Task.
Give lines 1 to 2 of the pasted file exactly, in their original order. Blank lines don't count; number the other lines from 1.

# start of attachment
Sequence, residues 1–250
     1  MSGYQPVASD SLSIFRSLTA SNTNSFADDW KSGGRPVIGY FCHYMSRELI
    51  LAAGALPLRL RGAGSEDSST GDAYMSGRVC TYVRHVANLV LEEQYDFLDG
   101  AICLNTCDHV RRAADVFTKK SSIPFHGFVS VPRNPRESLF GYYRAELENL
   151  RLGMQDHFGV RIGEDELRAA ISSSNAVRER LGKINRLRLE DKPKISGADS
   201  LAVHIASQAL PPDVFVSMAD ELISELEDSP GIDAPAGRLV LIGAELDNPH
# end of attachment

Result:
Sequence, residues 1–250
     1  MSGYQPVASD SLSIFRSLTA SNTNSFADDW KSGGRPVIGY FCHYMSRELI